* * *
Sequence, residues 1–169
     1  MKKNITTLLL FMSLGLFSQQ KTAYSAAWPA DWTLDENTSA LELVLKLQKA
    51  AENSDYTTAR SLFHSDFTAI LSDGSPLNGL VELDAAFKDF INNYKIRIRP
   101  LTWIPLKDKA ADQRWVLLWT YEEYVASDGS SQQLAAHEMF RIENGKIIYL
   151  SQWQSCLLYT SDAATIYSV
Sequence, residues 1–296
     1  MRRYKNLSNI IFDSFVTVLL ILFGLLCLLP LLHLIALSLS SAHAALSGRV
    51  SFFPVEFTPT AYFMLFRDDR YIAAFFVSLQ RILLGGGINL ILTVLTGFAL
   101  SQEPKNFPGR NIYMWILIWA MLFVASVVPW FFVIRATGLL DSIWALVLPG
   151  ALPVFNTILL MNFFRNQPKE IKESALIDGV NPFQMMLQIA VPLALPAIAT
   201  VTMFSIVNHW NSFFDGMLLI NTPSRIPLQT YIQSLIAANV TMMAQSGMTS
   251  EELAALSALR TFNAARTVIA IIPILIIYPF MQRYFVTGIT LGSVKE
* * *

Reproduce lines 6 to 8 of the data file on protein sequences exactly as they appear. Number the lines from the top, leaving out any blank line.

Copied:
Sequence, residues 1–296
     1  MRRYKNLSNI IFDSFVTVLL ILFGLLCLLP LLHLIALSLS SAHAALSGRV
    51  SFFPVEFTPT AYFMLFRDDR YIAAFFVSLQ RILLGGGINL ILTVLTGFAL